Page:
Indicator 7 is the percentage of HIV-infected IDUs (diagnosed for >12 months) who shared a needle or syringe with some in the past 12 months; data come from the SHAS project. This indicator decreased from 7% to in 2001 to 3% in 2002 and increased to 7% in 2004. As stated above, small year-to-year fluctuations in this indicator may not be meaningful due to the sampling limitations of the SHAS project. The percentage of persons sharing needles and works is nevertheless very low and supports the declining trends we are seeing in new HIV diagnoses among IDUs.
All three indicators for Goal 1 lack a direct measurement of who actually received interventions that may have had impact on changing behaviors. CDC has developed the Program Evaluation and Monitoring System (PEMS) to collect the data to address this problem. CDC is currently working with its partners to identify the best ways to implement PEMS.
To address Goal 1, CDC conducted the Prevention Research Synthesis project to identify behavioral interventions with solid scientific evidence of efficacy. Based on the findings from this project, CDC develops and provides culturally competent, evidence-based HIV prevention interventions for persons at risk of acquiring or transmitting HIV through the Replicating Effective Programs (REP) and the Diffusion of Effective Behavioral Interventions (DEBI) project. These prevention interventions target specific racial and ethnic groups and subpopulations at high risk for HIV. CDC funds 65 state and local health departments, 161 directly-funded CBOs, and other partners to provide these interventions across the United States. To build the capacity among CDC partners; the agency also provides training and materials to implement these interventions. Currently, there are 14 CDC supported evidence-based prevention interventions that target both HIV-infected and uninfected persons. CDC has diffused 11 of those interventions to funded grantees. The interventions have been designed to exclusively target high-risk groups but are also adaptable to other groups. For example, 79% of directly-funded CBOs provide evidence-based prevention interventions for high-risk sexually active MSM and their partners; 58% of directly-funded CBOs provide interventions for sexually active IDUs and their partners; and 82% of directly-funded CBOs provide interventions serving high-risk sexually active women and their partners. CDC also provides DEBI trainings to individuals, state and local health departments, and directly and indirectly-funded CBOs. These efforts are complemented by an extensive capacity building assistance (CBA) program which aims to help grantees effectively implement scientifically based prevention programs. In 2004, CDC provided funding to 27 organizations to provide CBA in the adaptation, tailoring, and implementation of HIV prevention interventions for people living with HIV or AIDS, their serodiscordant partners, and others at very high risk of HIV infection.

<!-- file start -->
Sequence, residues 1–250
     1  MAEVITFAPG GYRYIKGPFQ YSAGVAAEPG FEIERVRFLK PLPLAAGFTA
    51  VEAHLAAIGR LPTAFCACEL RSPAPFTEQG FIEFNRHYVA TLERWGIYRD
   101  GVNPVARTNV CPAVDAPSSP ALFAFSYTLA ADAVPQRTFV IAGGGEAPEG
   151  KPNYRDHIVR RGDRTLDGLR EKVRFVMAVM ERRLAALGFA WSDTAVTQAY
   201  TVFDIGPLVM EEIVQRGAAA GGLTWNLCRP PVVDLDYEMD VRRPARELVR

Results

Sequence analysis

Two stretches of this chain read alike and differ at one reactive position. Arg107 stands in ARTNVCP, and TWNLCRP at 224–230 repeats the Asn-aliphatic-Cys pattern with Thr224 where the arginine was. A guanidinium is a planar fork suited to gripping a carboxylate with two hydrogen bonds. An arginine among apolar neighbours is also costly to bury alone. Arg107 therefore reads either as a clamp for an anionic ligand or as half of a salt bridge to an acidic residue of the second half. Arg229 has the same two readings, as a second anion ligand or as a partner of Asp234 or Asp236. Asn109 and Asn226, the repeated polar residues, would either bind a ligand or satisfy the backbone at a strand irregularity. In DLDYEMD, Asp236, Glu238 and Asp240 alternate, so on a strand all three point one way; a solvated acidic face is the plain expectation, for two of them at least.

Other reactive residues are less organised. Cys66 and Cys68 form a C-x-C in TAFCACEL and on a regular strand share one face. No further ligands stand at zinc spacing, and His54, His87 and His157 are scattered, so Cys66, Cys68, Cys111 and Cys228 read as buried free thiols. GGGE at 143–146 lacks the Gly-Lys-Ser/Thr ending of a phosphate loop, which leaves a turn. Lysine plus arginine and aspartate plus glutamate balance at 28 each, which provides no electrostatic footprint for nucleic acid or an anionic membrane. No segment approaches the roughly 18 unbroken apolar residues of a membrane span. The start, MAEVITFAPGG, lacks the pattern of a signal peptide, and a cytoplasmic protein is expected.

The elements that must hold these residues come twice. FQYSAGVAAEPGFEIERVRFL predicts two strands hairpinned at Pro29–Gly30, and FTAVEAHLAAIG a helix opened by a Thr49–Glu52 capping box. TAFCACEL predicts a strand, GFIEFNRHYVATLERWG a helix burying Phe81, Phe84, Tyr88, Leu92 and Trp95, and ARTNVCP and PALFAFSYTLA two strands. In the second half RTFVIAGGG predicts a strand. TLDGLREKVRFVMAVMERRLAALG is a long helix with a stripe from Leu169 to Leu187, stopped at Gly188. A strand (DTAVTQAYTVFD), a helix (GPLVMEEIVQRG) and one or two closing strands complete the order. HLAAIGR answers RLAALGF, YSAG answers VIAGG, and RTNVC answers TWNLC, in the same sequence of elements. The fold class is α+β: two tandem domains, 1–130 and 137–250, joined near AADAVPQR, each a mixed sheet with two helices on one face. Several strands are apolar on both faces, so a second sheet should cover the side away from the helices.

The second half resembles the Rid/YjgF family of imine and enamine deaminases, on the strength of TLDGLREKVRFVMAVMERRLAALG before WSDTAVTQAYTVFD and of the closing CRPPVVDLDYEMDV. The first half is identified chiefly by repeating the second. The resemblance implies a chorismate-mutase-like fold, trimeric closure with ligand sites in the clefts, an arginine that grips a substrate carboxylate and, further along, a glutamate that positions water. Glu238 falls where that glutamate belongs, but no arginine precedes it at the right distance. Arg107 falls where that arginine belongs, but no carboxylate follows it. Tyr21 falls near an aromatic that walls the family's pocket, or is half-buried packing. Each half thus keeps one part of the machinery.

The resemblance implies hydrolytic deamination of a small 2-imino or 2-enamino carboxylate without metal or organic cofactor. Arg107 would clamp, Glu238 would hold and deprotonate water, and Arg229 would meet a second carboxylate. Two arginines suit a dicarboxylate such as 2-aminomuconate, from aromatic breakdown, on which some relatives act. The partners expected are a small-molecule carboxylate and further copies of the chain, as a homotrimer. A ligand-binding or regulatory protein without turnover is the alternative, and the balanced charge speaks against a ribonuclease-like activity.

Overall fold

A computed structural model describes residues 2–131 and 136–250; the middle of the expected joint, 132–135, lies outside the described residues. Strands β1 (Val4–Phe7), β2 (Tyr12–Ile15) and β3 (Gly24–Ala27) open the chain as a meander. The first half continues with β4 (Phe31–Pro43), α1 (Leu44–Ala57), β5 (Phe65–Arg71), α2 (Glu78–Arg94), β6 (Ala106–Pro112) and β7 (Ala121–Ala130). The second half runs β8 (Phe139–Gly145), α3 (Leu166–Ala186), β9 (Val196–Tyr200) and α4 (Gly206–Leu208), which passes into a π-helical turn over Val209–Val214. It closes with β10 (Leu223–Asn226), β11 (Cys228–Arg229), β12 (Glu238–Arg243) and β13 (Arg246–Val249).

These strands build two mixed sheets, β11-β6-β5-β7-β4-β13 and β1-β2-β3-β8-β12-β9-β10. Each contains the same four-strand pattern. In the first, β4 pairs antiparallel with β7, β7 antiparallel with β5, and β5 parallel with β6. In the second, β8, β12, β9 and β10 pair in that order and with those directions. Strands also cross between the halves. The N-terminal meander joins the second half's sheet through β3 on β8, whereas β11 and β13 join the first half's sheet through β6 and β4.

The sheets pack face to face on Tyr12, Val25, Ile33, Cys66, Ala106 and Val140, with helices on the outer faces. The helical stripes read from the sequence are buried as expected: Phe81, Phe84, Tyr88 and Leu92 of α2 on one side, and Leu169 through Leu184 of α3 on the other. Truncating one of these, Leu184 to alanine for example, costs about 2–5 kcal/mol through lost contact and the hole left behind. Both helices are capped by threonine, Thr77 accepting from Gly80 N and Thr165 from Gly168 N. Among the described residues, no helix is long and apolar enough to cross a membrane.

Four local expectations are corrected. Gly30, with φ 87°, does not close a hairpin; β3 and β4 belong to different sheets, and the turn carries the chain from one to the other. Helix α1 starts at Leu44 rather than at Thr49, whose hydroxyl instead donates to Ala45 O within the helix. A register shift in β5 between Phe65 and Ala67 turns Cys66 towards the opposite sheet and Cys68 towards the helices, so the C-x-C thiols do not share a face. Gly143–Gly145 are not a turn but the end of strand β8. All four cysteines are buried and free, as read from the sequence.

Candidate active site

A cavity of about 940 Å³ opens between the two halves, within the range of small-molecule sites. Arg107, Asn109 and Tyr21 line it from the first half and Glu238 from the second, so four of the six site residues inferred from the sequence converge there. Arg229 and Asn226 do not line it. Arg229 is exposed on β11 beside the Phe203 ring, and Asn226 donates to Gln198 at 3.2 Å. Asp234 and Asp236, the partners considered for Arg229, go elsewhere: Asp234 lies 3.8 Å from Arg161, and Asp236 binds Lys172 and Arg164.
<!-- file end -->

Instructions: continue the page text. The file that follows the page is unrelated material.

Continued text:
In 2003, CDC launched the AHP initiative. The goal of the initiative is to reduce HIV transmission in the United States, particularly by expanding HIV testing and increasing the number of people who are aware of their infection. AHP focuses primarily on populations at high risk for acquiring and transmitting HIV, such as MSM, IDUs, heterosexual men and women, adolescents, and persons infected with HIV; the majority of which are racial and ethnic minorities. Through AHP, CDC refocused its prevention strategy by placing greater emphasis not only on diagnosing individuals who are unaware of their HIV status but also providing prevention services to HIV-infected persons. CDC has also directed community planning groups across the country to make people living with HIV their highest priority target population.